IN THE CAB
One of the new features for the Pinnacle is a sweep-around dash behind the smart, engineered-looking steering wheel. The dash is unusual with its mixture of round gauges and driver information panels. McKenna said the shape of the upper panels was intended to maximize dash real estate, without having displays that get hidden behind the wheel. And it works, with the driver info panel front and center, and the engine coolant and fuel gauges right where you can't miss 'em. Idiot lights are in these panels too.
The driver display is a triumph of usability. The screens are clear and well-organized, with the information a driver wants to see. Moreover, the column stalk, with only an up/down rocker, plus enter and escape buttons, is so intuitive, anyone can use it within seconds of being introduced.
Other switches are where you expect to see them on the wing panel, where cruise, engine brake and so on are convenient to use. The light switch is low to the left of the steering column, where you can reach it from the ground (good for trailer hook-up.) The designers and stylists resisted putting the ignition key down there, where it is all too easy to break off with the left knee when climbing out of the truck.
Drivers used to a CH or even a Vision will be surprised by the seat adjustment. You can fling the seat all the way back and find you can't work the pedals – unless you're 6-foot-8. I had to pull it up several notches. Seats at this trim level and on this unit were inviting-looking, with lots of adjustment and heat as well. I should have spent more time adjusting the front bolster, because by the end of the second day I was sensing the seat was short. But that was my fault, because I failed to stop long enough to work out how to extend the seat to better support my legs.
The rich brown leather seats sit nicely far apart in this wide cab, so even with armrests, there's a full 14 inches of walkthrough to the sleeper. But the center console stack, which has big cupholders, a useful shelf and a big storage bin, means that the seats need to be pushed to the rear when standing up from either driver or passenger seat. Also, as a mid-roof cab, there's somewhat restricted headroom that requires a stoop when getting up from the seat.
There's the usual storage in the header and rather stylishly trimmed door pockets. The CB radio mount, though, sits on the top of the dash and is not as nice as some of the solutions we have seen in other new dash setups.
Mind you, considering this was not the top of the line trim, it was still very comfortable. The cab floor had a fitted, thick rubber mat that no doubt contributed to the low noise levels. Somewhat whimsically, the mat has embossed doggy paws all over, carrying through the Bulldog theme.
The rich leather of the seats is repeated in the crunched leather stripe that sets off the comfortable sleeper. There's full standing height back there for anyone up to 6-foot-3. Useful shelves that would accommodate duffels and sleeping bags are fitted high on each side, with provision on the passenger side for a TV and other electronics. Beneath this is a wardrobe with a shelf over, but under-bunk access to the baggage compartments was all the sleeper storage that was provided in the test unit, with precious little other provision for clothes or other personal effects.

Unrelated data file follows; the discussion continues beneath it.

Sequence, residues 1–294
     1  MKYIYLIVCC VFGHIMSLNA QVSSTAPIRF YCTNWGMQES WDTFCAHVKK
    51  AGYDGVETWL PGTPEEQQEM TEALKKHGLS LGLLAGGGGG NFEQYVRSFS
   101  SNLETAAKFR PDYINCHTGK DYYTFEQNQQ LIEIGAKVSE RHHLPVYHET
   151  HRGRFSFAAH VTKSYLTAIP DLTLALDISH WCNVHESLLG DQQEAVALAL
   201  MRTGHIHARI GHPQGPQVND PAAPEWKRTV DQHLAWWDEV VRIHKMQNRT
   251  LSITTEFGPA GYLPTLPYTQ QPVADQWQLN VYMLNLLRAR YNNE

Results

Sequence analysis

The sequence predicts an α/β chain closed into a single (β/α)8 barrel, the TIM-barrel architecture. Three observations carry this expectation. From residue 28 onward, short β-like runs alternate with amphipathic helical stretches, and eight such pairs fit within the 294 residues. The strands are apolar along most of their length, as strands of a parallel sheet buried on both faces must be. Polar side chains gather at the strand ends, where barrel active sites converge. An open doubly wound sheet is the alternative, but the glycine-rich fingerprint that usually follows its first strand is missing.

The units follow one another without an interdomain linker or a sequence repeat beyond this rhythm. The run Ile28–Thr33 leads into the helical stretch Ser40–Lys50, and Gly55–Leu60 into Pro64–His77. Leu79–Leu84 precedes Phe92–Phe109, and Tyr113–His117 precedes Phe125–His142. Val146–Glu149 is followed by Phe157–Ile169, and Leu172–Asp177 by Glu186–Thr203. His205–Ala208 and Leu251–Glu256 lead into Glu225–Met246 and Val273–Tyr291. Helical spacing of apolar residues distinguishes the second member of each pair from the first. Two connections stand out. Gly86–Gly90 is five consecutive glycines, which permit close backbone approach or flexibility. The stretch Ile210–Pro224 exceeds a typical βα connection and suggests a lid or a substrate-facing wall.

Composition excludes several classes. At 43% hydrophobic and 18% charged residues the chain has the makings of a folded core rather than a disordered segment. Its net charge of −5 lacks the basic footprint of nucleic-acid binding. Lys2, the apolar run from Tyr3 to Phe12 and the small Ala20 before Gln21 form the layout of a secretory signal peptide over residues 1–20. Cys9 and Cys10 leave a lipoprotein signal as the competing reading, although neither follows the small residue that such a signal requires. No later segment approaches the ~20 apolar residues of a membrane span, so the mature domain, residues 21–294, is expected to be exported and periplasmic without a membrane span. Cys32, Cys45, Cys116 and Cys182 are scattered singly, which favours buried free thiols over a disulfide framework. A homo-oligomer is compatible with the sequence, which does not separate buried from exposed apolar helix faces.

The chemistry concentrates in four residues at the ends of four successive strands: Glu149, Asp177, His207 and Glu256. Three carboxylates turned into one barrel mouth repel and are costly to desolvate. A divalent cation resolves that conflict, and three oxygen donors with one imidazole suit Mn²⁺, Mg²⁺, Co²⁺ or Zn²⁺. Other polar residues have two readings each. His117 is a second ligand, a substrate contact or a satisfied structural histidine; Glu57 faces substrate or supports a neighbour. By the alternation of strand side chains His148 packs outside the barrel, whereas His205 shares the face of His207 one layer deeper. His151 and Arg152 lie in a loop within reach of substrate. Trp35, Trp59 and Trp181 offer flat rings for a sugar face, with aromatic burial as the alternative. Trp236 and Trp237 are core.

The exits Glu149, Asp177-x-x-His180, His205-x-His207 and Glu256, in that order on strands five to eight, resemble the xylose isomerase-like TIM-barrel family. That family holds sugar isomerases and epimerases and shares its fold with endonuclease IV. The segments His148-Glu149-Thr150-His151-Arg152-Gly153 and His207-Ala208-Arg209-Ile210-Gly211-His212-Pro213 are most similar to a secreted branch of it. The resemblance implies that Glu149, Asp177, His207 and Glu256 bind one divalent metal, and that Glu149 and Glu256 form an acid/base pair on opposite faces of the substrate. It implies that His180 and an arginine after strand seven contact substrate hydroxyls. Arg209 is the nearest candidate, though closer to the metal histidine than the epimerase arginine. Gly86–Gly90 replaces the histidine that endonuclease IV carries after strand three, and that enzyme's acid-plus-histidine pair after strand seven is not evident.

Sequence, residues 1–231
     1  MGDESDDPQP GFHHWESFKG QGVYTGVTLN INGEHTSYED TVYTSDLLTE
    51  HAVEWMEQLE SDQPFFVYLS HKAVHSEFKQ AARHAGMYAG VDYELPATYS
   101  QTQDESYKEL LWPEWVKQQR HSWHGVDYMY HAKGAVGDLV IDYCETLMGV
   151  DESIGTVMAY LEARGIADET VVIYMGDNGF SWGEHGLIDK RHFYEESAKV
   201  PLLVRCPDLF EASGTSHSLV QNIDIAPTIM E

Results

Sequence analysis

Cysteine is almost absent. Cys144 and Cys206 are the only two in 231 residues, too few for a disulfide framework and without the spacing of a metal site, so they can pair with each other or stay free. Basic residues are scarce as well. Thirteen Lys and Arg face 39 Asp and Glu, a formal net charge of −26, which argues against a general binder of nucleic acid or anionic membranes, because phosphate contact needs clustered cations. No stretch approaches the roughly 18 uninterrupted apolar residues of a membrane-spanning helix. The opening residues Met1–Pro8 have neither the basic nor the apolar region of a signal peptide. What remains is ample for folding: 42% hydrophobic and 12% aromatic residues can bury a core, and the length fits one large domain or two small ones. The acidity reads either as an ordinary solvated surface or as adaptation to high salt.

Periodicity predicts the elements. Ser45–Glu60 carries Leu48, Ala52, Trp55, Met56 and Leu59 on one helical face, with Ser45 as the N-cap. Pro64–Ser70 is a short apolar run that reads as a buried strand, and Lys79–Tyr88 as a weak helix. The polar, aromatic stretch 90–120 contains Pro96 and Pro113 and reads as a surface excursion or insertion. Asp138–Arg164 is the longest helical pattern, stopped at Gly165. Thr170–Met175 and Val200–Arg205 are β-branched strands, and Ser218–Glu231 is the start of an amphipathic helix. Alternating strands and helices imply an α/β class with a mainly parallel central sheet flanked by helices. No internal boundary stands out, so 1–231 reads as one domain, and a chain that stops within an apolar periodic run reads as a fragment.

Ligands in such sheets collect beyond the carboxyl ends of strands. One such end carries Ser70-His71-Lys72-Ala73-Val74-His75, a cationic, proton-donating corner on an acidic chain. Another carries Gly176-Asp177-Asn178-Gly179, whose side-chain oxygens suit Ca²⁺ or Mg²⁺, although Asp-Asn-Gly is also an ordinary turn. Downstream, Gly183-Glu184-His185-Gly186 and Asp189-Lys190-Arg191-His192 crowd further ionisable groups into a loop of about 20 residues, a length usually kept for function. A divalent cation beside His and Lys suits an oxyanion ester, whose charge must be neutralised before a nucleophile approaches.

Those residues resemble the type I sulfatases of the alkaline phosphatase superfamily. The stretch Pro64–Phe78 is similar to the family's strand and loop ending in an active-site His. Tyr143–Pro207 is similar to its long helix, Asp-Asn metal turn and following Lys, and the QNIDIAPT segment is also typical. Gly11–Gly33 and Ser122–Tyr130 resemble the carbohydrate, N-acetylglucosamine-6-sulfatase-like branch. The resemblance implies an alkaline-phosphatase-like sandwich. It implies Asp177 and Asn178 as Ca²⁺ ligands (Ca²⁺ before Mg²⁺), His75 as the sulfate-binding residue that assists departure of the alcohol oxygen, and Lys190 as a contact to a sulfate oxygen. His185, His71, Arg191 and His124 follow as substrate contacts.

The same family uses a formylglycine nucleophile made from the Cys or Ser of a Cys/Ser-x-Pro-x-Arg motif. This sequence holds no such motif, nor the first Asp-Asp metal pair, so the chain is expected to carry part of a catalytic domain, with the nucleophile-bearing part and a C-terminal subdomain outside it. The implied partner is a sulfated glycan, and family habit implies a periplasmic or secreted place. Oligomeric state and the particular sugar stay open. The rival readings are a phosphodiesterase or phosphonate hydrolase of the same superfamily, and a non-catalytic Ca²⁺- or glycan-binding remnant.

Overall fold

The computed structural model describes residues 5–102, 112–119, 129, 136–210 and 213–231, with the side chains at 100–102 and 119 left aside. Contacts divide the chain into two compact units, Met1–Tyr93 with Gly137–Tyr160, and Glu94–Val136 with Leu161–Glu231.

As noted previously, this was a fairly conservative spec and was headed for a fleet operation. An individual could significantly enhance the usability of the sleeper by optioning many of the cabinets and comfort items in the data book.
ON THE ROAD
After a comprehensive walkaround, I took the wheel with McKenna beside me, looking forward to stretching out the 485 horses as we headed east out of Allentown. But first, some negotiation of the suburban neighborhood around Mack's headquarters showed the truck turned very well. The visibility forward and down to the road surface through the deep windshield is generous. The sides and mirrors to the rear are greatly enhanced by the side windows, which are devoid of wing windows and sweep down toward the front. This results in a very open feeling to the Mack Pinnacle and inspires confidence in the first few minutes of getting under way.
Heading out of Allentown, whether east or west, there's a strong pull out of the valley, but despite the 76,000-pound GCW, we made relatively short work of the grade. Much of the early going was in and out of the succession of hills and valleys that lead up to the Poconos. Once in the big hole, most of these grades took a single split down to breast, though sometimes lugging down to 1,100 rpm or even 100 rpm less. But the 13-liter remained strong even down below the flat peak torque that has 1,650 pounds feet between 1,100 and 1,300 rpm.
A few grades in the first stretch took a full gear down, but once in to the mountains, there was plenty of gearing down to make the significant grades encountered. The lowest we saw was two down in the lower split – or eighth in the 13-speed Mack transmission. This, by the way, is the absolutely bulletproof triple-countershaft box that has a very positive shift quality. It has a different rhythm than an Eaton Fuller, thus requiring a little extra practice to get the shifts right, and with only a couple thousand miles on the truck, it was a little heavy. Experience shows the shift eases up with more miles.